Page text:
We began the long (400 metre) ascent of the flank of Ben Macdui as  a lone female climber came down from the screes. She had completed three munros already and was returning to Derry Lodge where she had discovered the joys of wild camping. We were a bit ruthless on the ascent hopping across the field of tumbling granite boulders until we reached the source of the Tailor's burn where we slaked our thirst and filled our water bottles. The walk from here to the summit of ben Macdui is easy going over short heathers and grasses interspersed with granules of granite. The summit has a collection of cairns and shelters as well as a trig point mounted on a pedestal . It provides superb views over Braeriach and its massive corries to the west,  with Cairngorm and our next set of hills - Derry Cairngorm and Beinn Mheadhoin to the north and east.

Leaving Ben Macdui we were a bit lazy and headed north east instead of east and then had to climb over another ridge to find the path down to Loch Etchachan. It had not cost us much time but we were beginning to realise that we would need to push on to avoid descending Beinn Mheadhoin in the dark. We dumped our sacks on the path to Derry Cairngorm by a small Lochan and hammered on, the winds had begun to make walking difficult and we were in cloud for the first time all day. I cannot recall ever being on this hill in clear conditions and this was my fifth visit. The wind made the return tricky at first but as we descended conditions began to improve, we grabbed our sacks, found the Etchachan path and made our way to the lip of the Loch which we crossed with the aid of a walking pole.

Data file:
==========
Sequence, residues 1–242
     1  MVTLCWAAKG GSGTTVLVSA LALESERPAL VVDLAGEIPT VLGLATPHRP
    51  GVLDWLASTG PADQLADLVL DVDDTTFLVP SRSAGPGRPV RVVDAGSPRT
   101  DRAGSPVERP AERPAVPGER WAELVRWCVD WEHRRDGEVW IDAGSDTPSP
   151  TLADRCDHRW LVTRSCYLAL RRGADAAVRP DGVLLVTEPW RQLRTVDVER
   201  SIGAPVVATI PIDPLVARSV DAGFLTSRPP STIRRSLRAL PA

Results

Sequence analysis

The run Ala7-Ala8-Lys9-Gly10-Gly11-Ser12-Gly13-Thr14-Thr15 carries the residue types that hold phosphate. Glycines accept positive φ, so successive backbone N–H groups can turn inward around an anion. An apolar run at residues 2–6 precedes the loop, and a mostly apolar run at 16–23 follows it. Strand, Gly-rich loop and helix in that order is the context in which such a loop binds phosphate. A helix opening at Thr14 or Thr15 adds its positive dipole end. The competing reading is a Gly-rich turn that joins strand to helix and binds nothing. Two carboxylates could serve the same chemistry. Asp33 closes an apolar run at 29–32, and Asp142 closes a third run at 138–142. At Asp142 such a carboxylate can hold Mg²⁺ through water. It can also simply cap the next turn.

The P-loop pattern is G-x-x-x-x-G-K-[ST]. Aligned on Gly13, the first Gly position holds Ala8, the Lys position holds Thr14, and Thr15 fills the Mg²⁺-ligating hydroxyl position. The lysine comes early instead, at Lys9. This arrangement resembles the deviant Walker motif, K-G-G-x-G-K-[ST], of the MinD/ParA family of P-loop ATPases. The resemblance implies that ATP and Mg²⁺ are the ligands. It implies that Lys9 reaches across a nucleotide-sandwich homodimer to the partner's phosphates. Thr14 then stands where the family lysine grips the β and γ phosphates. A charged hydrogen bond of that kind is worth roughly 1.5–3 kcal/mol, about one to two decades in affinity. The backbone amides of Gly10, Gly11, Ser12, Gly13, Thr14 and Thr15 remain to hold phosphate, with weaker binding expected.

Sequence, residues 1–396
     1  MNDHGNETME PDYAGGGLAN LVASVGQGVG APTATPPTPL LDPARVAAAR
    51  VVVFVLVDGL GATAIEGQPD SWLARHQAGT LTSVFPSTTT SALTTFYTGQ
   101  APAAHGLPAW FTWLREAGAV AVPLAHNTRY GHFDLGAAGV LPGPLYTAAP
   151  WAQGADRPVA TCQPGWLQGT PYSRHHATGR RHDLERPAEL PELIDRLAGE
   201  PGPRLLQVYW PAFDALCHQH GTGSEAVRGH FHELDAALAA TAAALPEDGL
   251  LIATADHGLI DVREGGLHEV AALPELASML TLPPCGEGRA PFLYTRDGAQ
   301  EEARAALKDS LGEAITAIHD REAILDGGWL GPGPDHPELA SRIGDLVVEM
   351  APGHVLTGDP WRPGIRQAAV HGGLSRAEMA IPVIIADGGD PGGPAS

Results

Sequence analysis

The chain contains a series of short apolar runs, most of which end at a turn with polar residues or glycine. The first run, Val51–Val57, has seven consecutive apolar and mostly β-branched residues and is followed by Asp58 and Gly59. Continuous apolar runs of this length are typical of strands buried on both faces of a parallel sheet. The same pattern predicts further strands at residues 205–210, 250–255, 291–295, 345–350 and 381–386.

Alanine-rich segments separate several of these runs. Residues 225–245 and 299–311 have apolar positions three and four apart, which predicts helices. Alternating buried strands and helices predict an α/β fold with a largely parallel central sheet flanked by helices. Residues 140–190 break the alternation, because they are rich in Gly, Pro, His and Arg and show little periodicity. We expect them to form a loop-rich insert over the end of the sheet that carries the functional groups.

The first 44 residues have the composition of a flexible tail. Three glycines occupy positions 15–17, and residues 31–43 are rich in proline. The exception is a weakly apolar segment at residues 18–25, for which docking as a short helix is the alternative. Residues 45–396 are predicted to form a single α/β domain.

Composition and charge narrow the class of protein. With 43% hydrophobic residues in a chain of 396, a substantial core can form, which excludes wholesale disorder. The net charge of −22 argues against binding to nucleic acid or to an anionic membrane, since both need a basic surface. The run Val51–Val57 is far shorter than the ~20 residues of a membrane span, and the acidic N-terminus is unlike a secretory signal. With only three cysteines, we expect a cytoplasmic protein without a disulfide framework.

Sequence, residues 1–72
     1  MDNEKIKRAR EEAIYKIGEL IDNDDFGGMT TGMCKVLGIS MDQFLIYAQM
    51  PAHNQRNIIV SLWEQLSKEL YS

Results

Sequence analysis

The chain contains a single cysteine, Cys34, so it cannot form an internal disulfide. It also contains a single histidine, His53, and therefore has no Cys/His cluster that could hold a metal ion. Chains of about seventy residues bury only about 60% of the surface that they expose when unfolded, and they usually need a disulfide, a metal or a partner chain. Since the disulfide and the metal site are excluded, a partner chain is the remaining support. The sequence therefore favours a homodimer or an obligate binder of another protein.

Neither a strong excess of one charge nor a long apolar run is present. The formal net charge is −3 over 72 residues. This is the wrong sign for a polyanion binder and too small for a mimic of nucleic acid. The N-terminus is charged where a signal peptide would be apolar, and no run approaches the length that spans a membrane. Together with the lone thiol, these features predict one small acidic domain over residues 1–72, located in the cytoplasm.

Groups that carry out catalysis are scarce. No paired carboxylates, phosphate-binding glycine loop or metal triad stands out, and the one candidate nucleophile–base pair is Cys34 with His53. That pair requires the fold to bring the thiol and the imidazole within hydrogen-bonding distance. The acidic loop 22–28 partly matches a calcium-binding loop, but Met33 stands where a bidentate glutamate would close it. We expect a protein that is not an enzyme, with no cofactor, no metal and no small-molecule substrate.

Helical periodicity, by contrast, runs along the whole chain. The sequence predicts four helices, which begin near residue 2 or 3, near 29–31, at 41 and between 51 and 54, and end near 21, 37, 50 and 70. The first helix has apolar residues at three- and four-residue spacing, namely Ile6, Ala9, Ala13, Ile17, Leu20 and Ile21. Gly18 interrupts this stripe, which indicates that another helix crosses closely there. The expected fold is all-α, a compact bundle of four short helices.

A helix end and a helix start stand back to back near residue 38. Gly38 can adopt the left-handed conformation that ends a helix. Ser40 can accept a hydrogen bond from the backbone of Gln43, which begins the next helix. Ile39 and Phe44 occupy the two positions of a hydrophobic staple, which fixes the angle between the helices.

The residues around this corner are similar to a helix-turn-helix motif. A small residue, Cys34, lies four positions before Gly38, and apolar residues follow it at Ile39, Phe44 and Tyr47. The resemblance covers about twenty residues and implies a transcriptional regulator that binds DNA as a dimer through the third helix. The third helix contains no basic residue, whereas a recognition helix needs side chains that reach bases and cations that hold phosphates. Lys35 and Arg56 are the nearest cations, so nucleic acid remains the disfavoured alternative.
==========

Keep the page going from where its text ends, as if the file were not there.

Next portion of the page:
The climb up Beinn Mheadhoin starts with 200 metres up a steep path before you arrive on the long summit plateau and are drawn to the granite tors that signify the summit. We arrived at 6:45pm and allowed ourselves 15 minutes to climb the Tor despite hands cold from the strong winds. I had descended to the north on a previous visit and we did the same again, keeping the minor tops to our right before turning below them and descending down steep heather slopes to the Dubh Lochan. John went a rolling and a tumbling in the twilight. We just about managed the descent before nightfall and the moon had not yet risen. We then had an awkward walk over boggy ground alongside the lochans to reach the Fords of Avon.

We found a good camping spot close to where the path crosses the burn leaving the Dubh Lochan. It was a struggle to pitch tents in the strong wind but once up the full moon arrived and provided a spotlight for our meal of soup, pasta and couscous. It was washed down with a brew of tea to dilute the monasodium glutamate. It was a warm night and sleep came easy on the mattress of grass and sedges. A helicopter was hovering over Cairngorm but the night was quiet apart from the gurgling of the burn and the regular squawking of grouse.  The star studded skies suggested that we were in for a treat tomorrow.